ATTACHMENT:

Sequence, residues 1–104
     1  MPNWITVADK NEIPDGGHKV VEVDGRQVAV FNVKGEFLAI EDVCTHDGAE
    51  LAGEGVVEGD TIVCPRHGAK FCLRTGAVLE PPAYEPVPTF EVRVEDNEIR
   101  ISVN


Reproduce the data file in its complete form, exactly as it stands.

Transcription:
Sequence, residues 1–104
     1  MPNWITVADK NEIPDGGHKV VEVDGRQVAV FNVKGEFLAI EDVCTHDGAE
    51  LAGEGVVEGD TIVCPRHGAK FCLRTGAVLE PPAYEPVPTF EVRVEDNEIR
   101  ISVN